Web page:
Order rule

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St. Benedict hands over his rule to the Olivetans , fresco by Sodoma (1505–1508)

An order rule is the summary of the goals, behavior and rules that are formulated in writing with regard to the way of life of a religious community .

The basis of a rule of the order is the observation of the evangelical counsels , mostly poverty, celibacy and obedience , whereas in the Benedictine orders Stabilitas loci (“permanent place”), conversio morum (“conversion of morals, daily conversion”) and obedience.

In addition, there are instructions on prayer and piety practice , on the way of working, on the superiors, on observing the enclosure and on living together in the community. In addition, the rule of the order usually also contains provisions on the acceptance of candidates, the novitiate and the making of profession . Around 320 Pachomios (around 292–346) founded the first monastery in Upper Egypt and around 325 wrote the so-called "angel rule". Basil of Caesarea wrote his own around 350 based on Pachomios' rule, which is still valid today for the majority of the monasteries of the Orthodox churches and was also the basis for the Regula Benedicti written by Benedict of Nursia around 540 . A distinction must be made between the rules of the order and the so-called constitutions, which legally and formally regulate life in a certain convent or branch of the order.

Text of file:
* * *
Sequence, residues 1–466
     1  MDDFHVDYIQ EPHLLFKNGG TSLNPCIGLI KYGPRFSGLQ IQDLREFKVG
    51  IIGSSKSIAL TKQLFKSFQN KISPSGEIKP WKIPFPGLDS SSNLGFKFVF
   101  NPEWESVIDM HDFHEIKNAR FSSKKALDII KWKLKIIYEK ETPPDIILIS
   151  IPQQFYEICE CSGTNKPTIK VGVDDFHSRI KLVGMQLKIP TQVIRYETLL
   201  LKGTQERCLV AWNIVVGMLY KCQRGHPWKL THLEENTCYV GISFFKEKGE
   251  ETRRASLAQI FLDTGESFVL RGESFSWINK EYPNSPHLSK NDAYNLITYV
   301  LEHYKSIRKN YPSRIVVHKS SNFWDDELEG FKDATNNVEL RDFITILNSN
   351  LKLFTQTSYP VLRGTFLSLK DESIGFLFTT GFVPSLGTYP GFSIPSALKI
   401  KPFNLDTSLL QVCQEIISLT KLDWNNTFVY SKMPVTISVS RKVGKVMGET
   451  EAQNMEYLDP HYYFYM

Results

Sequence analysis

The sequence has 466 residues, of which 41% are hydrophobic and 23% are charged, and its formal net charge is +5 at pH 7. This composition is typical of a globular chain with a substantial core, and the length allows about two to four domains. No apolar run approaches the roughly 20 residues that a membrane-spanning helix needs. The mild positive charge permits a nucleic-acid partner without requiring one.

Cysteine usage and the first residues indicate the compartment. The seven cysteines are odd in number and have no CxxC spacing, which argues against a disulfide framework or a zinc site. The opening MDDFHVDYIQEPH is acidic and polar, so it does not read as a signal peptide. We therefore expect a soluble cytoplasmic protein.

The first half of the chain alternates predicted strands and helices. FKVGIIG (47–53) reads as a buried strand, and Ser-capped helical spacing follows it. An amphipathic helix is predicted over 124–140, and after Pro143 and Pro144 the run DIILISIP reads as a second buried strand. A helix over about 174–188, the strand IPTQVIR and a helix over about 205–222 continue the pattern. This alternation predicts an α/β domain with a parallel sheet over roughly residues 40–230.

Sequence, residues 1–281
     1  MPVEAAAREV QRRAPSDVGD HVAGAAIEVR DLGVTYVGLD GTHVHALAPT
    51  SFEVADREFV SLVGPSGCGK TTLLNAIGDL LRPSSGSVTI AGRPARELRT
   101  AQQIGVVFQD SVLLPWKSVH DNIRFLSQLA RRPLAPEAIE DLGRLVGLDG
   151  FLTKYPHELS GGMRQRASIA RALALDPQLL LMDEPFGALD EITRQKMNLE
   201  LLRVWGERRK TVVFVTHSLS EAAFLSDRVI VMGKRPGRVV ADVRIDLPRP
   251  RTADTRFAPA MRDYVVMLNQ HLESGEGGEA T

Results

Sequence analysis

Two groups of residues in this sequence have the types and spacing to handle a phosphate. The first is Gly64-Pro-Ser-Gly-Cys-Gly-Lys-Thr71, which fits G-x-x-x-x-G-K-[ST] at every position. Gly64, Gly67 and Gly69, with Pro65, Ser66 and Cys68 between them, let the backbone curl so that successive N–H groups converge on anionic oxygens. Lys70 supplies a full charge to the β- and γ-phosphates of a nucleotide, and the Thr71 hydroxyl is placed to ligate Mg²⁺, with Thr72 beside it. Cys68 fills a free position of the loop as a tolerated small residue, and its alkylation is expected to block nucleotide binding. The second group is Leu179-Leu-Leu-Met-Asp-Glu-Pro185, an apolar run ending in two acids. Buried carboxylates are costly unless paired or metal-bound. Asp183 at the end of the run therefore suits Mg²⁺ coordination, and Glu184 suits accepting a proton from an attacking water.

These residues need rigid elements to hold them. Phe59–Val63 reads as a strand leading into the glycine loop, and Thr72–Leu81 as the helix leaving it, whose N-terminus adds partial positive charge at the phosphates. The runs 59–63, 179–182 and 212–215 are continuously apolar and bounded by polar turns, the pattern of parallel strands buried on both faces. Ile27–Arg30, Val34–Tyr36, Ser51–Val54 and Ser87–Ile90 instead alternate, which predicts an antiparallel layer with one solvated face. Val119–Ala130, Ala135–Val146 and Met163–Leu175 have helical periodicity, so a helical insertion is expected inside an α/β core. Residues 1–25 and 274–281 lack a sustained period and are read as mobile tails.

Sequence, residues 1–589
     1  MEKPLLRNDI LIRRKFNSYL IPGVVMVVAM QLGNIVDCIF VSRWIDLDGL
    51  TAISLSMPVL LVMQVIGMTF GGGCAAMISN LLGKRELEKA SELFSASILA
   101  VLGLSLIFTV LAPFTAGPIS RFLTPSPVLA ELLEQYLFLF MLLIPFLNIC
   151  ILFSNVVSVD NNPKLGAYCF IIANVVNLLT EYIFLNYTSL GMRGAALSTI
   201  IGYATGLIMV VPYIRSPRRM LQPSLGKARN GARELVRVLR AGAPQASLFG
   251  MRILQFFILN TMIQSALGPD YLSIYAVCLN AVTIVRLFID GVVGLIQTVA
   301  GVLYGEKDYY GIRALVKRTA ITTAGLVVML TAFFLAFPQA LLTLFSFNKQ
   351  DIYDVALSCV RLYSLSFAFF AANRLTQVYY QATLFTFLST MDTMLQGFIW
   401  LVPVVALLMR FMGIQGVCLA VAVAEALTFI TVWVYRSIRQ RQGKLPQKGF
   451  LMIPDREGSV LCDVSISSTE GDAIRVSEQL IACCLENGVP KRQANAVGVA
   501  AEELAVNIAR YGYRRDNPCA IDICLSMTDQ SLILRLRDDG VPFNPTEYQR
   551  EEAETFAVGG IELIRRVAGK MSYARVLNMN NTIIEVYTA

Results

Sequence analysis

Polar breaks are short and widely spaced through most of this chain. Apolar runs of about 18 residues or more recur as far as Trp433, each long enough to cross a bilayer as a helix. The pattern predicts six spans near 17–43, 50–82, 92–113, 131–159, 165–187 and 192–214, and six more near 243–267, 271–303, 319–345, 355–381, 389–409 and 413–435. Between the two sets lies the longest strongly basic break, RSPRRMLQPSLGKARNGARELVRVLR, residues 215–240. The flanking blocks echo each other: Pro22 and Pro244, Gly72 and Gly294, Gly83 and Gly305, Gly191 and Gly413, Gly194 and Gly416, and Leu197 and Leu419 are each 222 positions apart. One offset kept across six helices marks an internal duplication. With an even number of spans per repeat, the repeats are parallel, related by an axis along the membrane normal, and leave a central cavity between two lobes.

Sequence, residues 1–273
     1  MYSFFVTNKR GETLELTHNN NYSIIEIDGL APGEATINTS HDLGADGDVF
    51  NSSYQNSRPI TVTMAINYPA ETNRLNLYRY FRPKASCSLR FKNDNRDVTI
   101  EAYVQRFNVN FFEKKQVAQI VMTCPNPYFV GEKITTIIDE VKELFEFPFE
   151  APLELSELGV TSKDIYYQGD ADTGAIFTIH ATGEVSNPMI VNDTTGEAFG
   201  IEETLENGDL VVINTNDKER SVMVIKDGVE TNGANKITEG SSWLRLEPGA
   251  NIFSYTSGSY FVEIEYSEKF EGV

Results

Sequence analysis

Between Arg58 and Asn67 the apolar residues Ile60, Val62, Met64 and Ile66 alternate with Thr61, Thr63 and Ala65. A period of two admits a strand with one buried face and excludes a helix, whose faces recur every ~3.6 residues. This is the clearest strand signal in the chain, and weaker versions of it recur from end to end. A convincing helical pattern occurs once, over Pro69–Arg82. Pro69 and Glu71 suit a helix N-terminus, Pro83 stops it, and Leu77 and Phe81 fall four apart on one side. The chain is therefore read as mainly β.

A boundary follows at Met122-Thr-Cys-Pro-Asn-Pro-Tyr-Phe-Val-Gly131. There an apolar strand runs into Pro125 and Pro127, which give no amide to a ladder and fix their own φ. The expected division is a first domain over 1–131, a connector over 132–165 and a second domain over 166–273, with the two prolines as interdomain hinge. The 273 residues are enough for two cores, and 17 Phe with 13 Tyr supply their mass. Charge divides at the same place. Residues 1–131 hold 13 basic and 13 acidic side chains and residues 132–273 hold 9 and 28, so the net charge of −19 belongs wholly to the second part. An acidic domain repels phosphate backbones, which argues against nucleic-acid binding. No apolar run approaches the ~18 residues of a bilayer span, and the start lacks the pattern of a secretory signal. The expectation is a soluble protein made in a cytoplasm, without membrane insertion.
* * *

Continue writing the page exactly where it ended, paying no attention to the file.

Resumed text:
Many orders were founded out of a reaction to the spirit or special needs and demands of the time. Some founders of the order have given a different lifestyle through their writings or their example (like Francis or Teresa of Avila ) or contributed to the deepening of spirituality (e.g. the retreat of Ignatius of Loyola ).

Order rules

The rules of the order apply: